Office for Nuclear Regulation

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HM Nuclear Installations Inspectorate

Relicensing the Atomic Weapons Establishment Sites to AWE plc



AEA Technology plc
As Low as Reasonably Practicable - the ALARP principle is a fundamental to the regulation of health and safety in the UK and requires that risks should be weighed against the costs of reducing them; measures must then be taken to reduce or eliminate the risks unless the cost of doing so is obviously unreasonable compared with the risk.
AWEML is a consortium comprised of British Nuclear Fuels plc (BNFL), Lockheed Martin and SERCO. It holds the Management and Operations Contract for the AWE sites, and owns all the shares in AWE plc apart from one special share held by the Secretary of State for Defence. AWEML has recruited and supplied a management team to AWE plc, the operator of the AWE sites.
AWE plc
AWE plc is a company created by MoD; it employ the managers and workforce on the AWE sites and is the repository of AWE's scientific and production expertise. AWE plc is the user of the sites and is in day to day control of operations.
Chemical and Hazardous Industries Directorate of HSE, which also deals with explosives
Defence Evaluation and Research Agency
Department of Industry.
Environment Agency
Field Operations Directorate of HSE, which regulates 'conventional' health and safety matters across a range of industries
Government owned, contractor operated
Health and Safety Commission - The Health and Safety Commission and Health and Safety Executive (HSE or 'The Executive') are bodies created by the Health and Safety at Work etc. Act (1974). The Commission is responsible to the Secretary of State for Environment, Transport and the Regions (and to other Secretaries of State) for the administration of the Act. The Commission makes substantial use of independent advisory committees who advise the Commission directly.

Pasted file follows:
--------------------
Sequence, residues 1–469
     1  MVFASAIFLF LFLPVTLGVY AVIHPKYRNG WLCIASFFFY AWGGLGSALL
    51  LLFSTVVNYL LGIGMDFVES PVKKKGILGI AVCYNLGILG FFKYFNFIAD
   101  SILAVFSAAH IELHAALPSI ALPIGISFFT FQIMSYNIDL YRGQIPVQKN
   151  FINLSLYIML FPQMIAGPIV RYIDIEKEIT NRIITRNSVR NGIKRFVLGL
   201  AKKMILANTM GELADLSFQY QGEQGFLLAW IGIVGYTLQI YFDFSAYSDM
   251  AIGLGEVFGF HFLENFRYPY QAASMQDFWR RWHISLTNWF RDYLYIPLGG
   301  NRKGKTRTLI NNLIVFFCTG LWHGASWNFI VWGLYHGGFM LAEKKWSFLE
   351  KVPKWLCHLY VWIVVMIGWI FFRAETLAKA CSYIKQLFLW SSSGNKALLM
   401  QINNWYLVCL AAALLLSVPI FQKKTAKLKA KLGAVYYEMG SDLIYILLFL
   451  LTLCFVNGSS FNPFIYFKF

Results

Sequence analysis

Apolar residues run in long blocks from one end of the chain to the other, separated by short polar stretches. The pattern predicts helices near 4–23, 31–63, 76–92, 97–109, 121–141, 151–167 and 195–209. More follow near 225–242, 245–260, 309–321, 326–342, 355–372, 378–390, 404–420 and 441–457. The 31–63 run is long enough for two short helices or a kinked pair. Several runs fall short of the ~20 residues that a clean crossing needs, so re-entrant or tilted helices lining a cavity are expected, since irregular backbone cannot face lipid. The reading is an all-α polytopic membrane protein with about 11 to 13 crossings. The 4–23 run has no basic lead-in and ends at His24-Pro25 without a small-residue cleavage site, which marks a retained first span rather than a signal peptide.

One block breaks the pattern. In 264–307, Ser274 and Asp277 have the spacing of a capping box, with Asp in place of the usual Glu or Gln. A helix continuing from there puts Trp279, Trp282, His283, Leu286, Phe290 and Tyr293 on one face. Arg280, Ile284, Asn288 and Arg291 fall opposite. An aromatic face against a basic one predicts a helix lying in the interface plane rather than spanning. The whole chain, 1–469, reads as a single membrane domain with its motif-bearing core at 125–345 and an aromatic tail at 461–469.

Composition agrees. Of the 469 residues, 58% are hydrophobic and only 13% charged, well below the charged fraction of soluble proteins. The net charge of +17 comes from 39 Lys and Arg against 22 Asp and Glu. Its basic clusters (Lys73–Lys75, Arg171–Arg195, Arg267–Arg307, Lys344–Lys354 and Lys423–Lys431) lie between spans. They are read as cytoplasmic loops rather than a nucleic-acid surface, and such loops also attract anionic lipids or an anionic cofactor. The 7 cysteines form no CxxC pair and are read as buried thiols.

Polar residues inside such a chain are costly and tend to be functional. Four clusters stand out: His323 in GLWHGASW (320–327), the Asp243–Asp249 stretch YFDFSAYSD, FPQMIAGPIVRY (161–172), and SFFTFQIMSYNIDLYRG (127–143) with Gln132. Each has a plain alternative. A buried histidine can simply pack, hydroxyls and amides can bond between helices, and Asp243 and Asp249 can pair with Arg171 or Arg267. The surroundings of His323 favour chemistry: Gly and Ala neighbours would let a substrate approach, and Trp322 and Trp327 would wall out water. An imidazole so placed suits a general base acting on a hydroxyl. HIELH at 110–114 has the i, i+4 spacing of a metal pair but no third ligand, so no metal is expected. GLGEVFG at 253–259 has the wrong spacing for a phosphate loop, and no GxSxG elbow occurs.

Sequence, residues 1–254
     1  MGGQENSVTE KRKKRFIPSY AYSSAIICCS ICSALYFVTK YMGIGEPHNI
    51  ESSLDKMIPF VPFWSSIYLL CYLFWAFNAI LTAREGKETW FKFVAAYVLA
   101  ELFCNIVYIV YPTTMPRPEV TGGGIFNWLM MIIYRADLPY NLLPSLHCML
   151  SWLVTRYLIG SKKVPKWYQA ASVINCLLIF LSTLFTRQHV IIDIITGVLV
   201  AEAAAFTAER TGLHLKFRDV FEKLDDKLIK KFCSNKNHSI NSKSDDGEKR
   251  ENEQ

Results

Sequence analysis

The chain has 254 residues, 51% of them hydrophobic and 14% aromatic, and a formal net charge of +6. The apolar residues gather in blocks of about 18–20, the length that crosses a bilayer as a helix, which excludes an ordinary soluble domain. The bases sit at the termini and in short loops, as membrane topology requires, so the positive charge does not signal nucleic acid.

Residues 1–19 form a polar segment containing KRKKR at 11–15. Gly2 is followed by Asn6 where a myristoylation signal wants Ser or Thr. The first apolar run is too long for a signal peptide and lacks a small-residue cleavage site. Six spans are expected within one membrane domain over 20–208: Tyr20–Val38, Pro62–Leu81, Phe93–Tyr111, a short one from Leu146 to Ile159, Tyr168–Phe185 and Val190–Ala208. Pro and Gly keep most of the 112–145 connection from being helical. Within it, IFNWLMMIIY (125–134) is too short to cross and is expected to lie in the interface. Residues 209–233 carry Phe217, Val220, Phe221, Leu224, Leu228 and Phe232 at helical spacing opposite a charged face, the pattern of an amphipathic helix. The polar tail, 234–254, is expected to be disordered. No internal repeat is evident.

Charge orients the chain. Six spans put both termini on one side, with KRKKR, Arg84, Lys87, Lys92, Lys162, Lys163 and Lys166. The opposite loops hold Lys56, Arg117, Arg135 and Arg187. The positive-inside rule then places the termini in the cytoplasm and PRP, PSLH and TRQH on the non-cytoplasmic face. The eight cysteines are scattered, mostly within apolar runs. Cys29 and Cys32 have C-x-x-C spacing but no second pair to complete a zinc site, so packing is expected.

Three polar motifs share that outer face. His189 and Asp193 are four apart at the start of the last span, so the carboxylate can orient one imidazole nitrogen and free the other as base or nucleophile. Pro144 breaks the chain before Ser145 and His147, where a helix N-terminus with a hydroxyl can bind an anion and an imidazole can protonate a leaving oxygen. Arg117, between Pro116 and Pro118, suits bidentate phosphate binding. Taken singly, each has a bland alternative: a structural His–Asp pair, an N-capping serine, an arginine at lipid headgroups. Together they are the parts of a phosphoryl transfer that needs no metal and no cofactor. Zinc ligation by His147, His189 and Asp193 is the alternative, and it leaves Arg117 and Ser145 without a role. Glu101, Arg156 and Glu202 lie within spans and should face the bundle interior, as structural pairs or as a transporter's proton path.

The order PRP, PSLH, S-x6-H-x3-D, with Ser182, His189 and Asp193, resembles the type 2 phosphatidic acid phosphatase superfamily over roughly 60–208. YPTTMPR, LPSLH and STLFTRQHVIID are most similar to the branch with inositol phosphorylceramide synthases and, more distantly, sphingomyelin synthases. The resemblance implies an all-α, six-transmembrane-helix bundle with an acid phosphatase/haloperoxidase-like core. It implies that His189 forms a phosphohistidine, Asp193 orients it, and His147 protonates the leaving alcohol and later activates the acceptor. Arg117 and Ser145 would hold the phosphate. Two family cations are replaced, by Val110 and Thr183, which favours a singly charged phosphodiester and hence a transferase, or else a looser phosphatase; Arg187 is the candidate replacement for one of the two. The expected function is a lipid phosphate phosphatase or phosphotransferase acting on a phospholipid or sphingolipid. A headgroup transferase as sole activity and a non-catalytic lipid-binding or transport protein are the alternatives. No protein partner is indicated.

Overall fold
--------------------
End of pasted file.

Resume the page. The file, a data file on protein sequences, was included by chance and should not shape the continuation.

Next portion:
Health and Safety Executive - a distinct statutory body with day-to-day responsibility for making arrangements for the enforcement of safety legislation. The Executive is the statutory licensing authority for civil nuclear installations, a function which it delegates to senior officials within the Nuclear Installations Inspectorate (NII) which is part of HSE's Nuclear Safety Division (ND).
Health and Safety at Work etc Act 19742.
Intermediate Level Waste
Licence Condition: HSE is able to attach to a licence, at any time, such conditions as appear to it to be necessary or desirable in the interests of safety. It may also include conditions with respect to the handling, treatment and disposal of nuclear matter. HSE also has power to vary or revoke conditions so providing scope for the licence to be tailored to specific circumstances and the phase of the installation's life. A list of the standard licence conditions is in Reference 8. Note that these have been recently amended to make reference to the Radioactive Substances Act 1993 rather than the Radioactive Substances Act 1960.